The house was on the corner

The house was on the corner
At the edge of town,
Chinese elms in
Front yard & until I was seven
A large sycamore tree spread
Over the corner & diminished
The buzz of the grain elevators
Across the street but one day
The city came & cut  it down
When my father was
Out of town, & all
Even though it was my
Grandmother’s tree,
She played under as a child,
As was I, that morning
& I remember her weeping
& wringing her apron
As it fell to the ground

The two story home was built around 1900
West porch was slat board  &
Screened in & had a little furniture, the front door
Was screened & then you came on the porch & to a wooden door
With thumb button latch, & opaque glass
Gave way at waist height, walking through the
Door was a round oak dining room table of some size
A deer head mounted on the wall was from an era
Of  lesser taxidermy skill & was even a little ragged, as a child
But it was  the only deer I’d ever seen
& my grandmother every Christmas
Put a red nose on it

There was a china cabinet about chest height w/ a narrow mirror
It was made of a dark stained wood & in the bottom my grandmother
Kept my father’s war medals, a Silver Star & Purple Heart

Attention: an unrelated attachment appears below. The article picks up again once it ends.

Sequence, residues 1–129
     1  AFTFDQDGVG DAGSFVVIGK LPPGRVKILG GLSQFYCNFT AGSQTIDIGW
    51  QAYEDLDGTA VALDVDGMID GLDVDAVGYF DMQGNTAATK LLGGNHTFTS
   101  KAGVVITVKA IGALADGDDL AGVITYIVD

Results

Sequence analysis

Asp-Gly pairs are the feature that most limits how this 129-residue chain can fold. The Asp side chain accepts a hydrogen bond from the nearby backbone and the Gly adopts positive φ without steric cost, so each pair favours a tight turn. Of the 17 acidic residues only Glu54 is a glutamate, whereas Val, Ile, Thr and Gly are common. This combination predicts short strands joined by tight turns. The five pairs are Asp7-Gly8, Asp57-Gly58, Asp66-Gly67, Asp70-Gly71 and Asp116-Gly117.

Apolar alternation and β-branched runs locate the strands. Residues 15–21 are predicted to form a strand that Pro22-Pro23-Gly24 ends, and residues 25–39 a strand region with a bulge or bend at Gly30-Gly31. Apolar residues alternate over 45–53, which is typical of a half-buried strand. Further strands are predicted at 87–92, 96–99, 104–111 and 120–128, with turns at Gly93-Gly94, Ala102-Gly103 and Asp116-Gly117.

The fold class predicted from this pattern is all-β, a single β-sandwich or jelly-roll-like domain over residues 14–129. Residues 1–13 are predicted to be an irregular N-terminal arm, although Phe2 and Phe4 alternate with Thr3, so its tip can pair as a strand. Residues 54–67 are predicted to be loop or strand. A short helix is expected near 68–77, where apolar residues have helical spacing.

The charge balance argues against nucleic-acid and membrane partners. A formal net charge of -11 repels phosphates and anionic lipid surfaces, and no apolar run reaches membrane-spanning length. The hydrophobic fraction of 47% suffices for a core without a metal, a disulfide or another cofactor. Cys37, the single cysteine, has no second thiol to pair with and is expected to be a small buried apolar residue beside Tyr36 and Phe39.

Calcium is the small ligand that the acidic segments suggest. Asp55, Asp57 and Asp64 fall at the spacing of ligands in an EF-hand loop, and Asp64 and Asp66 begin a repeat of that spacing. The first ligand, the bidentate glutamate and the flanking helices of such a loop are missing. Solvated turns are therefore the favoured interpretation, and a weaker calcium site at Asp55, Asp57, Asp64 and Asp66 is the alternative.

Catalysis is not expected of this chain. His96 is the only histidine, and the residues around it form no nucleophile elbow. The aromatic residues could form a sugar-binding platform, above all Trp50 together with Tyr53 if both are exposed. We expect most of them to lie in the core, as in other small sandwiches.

The ends of the cabinet that recessed the mirror had posts &  one had a false front
That held papers unbeknownst to the casual eye
& a railroad watch, gold & jeweled and inscribed to my great grandfather

Beyond this room was the kitchen & bathroom w/claw foot tub
Beyond that another screened in back porch that also enclosed a trap door
To a cellar, for can goods, & tornado warnings every spring & summer

& a dark cloud rumbled & that certain prickly kind of feeling hung in the air
At night in May, 1955, & it all came up sudden & the storm sirens went off &
& wind hit our house hard like a ship hits a rock & I remember
Our dog being chained in the back yard by the minnow tank & from street lights I could see him
Being stretched out on his chain by the wind, & I’m grabbing for the door
To get him, as my father shoved me down
Cellar stairs, & the neighbors in the little red house didn’t come over like
They usually did & the wind stretched the house frame in an eerie creaking way
Then it all calmed down, & we found out the tornado struck ground
In Udall sixteen miles north & east of us, minutes later
& killed 87 people, &
the south half of that town was leveled,
& 200 were injured,
& my dog was alright & my grandmother stopped weeping for the sycamore tree

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